Dear EarthTalk: What's the latest in regard to putting limits on greenhouse gas emissions in the U.S.? Is there any hope that Obama can get something done?--Bradley Johnson, Helena, MT
Our best hope to date was 2009's American Clean Energy and Security Act (ACES), a bill that called for the implementation of a "cap-and-trade" system to limit carbon dioxide emissions by capping overall emissions and allowing polluters to buy or sell greenhouse gas pollution credits--similar to what the European Union has been doing since 2005 to successfully reduce its own emissions--depending upon whether they were exceeding established limits or had succeeded in coming in below them.
According to the bill, U.S. businesses needing to pollute more could buy emissions credits on the open market; those able to reduce emissions could sell their pollution credits on the same trading floor. Thus there is a built-in incentive to reduce emissions: If you exceed pollution limits you have to keep buying costly credits; and if you can get below limits you can profit from the sale of credits for the difference.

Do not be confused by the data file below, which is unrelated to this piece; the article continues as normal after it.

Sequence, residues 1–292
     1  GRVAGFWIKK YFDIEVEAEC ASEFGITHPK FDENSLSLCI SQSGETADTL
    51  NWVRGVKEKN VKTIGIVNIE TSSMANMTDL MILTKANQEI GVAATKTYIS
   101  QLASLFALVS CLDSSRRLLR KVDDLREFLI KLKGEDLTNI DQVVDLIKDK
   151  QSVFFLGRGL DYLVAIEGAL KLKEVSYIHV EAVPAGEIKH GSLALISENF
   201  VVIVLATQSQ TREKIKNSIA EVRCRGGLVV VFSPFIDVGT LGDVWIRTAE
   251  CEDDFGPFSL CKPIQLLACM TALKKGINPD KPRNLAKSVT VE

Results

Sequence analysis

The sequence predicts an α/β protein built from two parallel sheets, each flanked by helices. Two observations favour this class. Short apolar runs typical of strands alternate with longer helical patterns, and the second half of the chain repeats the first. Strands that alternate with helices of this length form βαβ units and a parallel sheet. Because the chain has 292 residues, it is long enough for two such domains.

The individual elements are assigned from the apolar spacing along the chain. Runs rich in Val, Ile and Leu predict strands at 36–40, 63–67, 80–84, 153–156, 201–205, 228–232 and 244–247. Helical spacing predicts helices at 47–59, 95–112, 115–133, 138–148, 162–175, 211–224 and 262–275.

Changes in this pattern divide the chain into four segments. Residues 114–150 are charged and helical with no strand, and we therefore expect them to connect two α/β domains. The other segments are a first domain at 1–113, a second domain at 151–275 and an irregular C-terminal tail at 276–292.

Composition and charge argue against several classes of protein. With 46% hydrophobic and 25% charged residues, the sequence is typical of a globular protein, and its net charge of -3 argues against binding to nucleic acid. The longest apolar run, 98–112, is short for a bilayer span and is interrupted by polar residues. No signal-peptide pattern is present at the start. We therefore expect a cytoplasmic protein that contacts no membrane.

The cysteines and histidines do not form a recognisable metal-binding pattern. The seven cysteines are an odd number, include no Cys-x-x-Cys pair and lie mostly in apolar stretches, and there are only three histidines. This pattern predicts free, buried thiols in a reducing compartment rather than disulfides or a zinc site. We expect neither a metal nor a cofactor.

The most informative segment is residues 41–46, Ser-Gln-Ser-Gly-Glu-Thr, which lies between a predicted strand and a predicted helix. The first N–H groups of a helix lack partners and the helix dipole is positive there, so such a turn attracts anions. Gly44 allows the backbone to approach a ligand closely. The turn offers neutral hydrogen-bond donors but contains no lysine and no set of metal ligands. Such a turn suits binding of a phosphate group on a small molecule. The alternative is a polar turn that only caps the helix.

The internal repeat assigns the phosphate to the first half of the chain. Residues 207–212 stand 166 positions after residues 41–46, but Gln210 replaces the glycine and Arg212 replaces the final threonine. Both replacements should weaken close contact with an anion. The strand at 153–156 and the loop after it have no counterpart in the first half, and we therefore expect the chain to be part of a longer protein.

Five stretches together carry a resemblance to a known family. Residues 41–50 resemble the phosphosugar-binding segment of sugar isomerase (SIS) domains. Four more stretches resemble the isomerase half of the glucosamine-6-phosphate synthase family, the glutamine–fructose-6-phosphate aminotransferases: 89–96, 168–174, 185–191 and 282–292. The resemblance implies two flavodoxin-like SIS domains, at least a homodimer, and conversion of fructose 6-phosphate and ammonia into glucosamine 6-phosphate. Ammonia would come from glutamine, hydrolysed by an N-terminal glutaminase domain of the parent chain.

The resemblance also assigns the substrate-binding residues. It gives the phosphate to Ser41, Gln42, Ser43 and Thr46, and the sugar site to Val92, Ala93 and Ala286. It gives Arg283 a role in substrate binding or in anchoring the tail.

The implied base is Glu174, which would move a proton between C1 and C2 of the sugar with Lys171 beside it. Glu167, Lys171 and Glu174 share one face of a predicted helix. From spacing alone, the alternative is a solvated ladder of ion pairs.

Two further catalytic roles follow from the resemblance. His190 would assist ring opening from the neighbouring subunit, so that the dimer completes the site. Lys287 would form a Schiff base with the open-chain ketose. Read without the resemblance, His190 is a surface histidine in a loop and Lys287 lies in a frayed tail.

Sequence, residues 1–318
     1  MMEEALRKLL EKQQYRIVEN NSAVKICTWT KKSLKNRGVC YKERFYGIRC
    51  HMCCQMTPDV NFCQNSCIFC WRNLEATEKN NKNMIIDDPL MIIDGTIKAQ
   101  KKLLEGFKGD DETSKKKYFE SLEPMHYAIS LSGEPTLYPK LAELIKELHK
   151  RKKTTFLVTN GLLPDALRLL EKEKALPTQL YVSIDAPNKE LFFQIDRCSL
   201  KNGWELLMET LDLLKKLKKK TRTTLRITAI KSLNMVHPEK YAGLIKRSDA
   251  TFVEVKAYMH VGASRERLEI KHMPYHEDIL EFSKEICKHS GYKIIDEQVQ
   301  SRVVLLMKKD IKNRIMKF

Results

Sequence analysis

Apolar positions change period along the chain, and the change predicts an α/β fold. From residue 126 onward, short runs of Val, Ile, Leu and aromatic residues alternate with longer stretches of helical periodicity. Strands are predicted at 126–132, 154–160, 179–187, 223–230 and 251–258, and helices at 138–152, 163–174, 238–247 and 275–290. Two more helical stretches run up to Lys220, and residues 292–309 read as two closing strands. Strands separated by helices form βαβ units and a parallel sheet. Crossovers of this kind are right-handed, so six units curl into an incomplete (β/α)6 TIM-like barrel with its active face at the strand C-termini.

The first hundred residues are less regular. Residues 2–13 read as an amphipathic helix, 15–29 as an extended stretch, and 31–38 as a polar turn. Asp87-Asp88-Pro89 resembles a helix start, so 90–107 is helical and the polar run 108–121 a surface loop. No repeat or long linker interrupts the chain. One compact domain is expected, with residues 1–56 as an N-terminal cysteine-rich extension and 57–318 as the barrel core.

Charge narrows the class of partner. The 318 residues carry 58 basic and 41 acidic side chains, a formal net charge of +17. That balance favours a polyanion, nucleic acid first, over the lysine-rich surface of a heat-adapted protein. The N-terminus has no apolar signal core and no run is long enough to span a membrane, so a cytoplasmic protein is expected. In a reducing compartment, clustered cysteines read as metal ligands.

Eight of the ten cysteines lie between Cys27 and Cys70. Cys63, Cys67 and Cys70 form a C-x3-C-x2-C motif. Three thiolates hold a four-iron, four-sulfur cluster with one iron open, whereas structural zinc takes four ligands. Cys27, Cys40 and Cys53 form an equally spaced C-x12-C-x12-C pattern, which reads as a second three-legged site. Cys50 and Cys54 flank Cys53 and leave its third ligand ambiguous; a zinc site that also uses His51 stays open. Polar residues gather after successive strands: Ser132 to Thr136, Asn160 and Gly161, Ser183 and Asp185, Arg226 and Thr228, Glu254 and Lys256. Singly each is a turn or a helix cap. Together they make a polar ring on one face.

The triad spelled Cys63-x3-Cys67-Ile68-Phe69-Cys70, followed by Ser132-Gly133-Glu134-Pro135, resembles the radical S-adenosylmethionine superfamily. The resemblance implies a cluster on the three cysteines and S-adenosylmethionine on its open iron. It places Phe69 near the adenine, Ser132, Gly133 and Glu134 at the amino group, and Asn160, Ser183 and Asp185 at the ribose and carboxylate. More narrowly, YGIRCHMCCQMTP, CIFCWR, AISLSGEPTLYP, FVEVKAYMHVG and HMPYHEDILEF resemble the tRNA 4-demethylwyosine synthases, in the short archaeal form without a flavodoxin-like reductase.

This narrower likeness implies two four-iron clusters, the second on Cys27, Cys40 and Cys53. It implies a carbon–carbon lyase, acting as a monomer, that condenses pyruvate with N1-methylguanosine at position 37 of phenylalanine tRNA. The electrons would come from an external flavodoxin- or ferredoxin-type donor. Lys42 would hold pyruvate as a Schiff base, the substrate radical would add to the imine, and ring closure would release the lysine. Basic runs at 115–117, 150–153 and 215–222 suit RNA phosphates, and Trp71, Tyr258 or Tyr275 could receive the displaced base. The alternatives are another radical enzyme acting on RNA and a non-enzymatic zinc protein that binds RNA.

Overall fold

Among the bill's key provisions was a 17 percent reduction in greenhouse gas emissions below 2005 levels by 2020, with a mid-century goal of an 80 percent reduction. Also, billions of dollars would have gone to initiatives bolstering green transportation, energy efficiency and related research and development. The bill was approved by the House in June 2009 by a narrow 219-212 vote. But Senate Democrats decided they didn't have enough votes to get a version of the bill passed, and tabled the discussion.
While ACES may not have made it into the law books, its passage by the House was significant as it represented the first time the legislative branch called for sweeping climate legislation. Also, the bill's provisions served as a guideline for U.S. negotiators heading to Denmark later in...